Like the content, an entire website can be checked to see whether it meets the requirements of Google and other search engines. SEO tools not only analyse the meta tags, titles, descriptions, etc., but also the page’s internal links, outgoing links or redirects. Loading times and the availability of individual subpages for Google can also be tested using Noindex, robots.txt or canonical markings. The domain name and the individual URLs can be important for ranking a website and so are included in this audit. SEO tools often create an overall result for a domain based on these different factors and thereby demonstrate its value or ranking potential.
Example: Searchmetrics Suite
Many SEO tools indicate the ranking of individual subpages such as the blog or the homepage and show where a particular keyword (in connection with a website) ranks or how large the website’s current market share is. Comparative information on the competition is often included.
In order to precisely track the flow of visitors from external sources and within one’s own website, some tools record visitor traffic. You can measure how many users come to the site from which sources and how they navigate through the website. Good monitoring also shows which keywords the users searched for in order to subsequently land on the domain.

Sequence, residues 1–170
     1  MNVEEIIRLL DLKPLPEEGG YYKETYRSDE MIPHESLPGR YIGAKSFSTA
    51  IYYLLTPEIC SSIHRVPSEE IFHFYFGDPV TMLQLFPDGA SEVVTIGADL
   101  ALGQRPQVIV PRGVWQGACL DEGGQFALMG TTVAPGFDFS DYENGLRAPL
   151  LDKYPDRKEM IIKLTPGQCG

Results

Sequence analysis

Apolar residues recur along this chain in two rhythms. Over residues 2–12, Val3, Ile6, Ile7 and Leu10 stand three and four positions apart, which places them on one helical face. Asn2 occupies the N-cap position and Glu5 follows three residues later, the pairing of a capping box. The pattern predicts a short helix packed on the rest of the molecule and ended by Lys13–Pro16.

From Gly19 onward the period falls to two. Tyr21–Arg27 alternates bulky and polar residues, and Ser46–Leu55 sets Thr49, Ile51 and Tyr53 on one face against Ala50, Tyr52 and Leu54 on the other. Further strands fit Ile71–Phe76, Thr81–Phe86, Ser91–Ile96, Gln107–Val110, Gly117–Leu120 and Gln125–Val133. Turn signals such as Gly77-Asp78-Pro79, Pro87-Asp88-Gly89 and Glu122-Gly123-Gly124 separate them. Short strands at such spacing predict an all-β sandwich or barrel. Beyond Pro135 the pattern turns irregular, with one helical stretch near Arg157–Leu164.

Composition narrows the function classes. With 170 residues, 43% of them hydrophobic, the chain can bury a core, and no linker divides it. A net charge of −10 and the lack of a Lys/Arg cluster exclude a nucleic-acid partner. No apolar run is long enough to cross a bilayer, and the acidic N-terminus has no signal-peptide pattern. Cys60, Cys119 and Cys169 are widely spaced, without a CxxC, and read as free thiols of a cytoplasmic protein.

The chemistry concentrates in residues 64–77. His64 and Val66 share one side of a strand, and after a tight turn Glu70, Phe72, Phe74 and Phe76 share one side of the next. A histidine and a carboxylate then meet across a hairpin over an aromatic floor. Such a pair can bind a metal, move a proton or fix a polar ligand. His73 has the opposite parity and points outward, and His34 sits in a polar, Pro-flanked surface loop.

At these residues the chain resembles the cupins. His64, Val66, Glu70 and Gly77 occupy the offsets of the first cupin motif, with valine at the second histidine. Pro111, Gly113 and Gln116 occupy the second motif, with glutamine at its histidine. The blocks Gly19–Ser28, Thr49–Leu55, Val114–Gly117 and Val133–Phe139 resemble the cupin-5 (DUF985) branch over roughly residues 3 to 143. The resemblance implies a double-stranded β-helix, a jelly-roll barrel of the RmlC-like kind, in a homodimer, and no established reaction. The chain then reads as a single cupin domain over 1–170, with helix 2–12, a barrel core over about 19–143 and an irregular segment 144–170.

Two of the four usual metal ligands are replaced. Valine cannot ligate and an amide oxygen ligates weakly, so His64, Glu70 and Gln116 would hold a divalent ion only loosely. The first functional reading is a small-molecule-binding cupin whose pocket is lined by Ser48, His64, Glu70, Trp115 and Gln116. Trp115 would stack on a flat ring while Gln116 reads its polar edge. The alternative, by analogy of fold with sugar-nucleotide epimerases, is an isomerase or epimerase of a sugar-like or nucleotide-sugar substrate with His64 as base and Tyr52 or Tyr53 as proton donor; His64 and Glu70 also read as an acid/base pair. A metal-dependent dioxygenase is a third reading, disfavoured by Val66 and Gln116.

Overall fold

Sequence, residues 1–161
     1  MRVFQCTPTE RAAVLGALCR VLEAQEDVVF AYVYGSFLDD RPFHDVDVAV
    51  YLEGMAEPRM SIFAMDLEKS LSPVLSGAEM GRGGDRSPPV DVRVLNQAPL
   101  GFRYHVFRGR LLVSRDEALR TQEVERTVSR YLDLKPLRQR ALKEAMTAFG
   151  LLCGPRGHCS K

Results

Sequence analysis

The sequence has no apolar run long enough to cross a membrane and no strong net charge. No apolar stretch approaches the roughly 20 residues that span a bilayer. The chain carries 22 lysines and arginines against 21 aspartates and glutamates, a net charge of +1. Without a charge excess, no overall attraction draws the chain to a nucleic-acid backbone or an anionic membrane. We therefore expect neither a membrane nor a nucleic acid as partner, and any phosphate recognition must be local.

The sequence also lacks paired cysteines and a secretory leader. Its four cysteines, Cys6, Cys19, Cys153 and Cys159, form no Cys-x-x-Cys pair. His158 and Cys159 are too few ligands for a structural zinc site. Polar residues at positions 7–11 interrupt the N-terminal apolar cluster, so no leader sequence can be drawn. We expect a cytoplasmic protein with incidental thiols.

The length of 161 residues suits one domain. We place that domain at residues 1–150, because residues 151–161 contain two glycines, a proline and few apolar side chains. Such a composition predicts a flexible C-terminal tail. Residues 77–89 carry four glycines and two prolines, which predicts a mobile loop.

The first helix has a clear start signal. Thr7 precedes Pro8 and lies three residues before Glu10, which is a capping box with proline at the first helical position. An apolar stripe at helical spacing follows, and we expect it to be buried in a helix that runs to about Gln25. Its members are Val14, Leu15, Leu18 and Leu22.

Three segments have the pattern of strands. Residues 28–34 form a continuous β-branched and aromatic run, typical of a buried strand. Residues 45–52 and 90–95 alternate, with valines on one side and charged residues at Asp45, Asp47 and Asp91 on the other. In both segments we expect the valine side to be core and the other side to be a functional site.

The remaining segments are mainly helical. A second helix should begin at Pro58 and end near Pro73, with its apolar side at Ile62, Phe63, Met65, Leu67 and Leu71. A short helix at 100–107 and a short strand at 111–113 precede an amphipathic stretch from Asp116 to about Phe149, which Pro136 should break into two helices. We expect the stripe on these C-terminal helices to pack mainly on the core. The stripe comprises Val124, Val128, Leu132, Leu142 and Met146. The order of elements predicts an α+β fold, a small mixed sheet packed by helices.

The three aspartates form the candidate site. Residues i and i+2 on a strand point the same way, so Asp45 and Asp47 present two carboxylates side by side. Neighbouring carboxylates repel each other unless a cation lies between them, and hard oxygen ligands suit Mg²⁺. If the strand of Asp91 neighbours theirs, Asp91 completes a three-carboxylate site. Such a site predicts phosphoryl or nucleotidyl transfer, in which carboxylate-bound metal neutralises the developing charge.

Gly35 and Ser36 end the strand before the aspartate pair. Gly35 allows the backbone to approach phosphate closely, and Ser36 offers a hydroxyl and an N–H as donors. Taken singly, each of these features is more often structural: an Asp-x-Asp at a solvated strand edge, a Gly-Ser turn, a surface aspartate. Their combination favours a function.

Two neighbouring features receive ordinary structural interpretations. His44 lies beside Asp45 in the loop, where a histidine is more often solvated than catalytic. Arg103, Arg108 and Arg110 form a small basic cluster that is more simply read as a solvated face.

Example: Google Analytics
Some SEO tools evaluate data from social networks such as Facebook, Google+ or Twitter. They measure how many users access the blog or other subpages of a domain from there or, for example, how often a certain blog article is linked via social media. There are also many tools to help to identify trends in social networks by searching for frequently used keywords. This enables website operators to produce content related to topical issues and thus increase traffic to the site.
Analysis Tools Providers
For many application areas of SEO analysis, free tools can be found that can cover a webmaster’s basic needs. However, for really convenient or more in-depth analyses, professional tools can be indispensable, but some require a fee. The best-known providers of programmes and associated services include Sistrix, Searchmetrics, Xovi, Ryte and Dinorank.
Costs and payment models for SEO tools
These five payment models for search engine optimisation tools are in widespread use:
- Freeware: Many tools can be used free of charge – partly as full versions, partly as (performance-limited) test versions.
- One-off payment: Some providers require a one-off payment to enable the use of their tool.
- Regular payment: Most professional tools are financed by a regular payment, usually per month or per year.
- Payment per volume: Occasionally, tool providers require payment for certain volumes, such as a certain number of searches.
SEO tools are an important tool for search engine optimisation of websites. Many tools differ not only in their range of functions but also in how they serve to analyse different SEO factors. The most important areas to be analysed include keywords, content, backlinks, the interaction of the entire website, ranking (potential), traffic or social media use.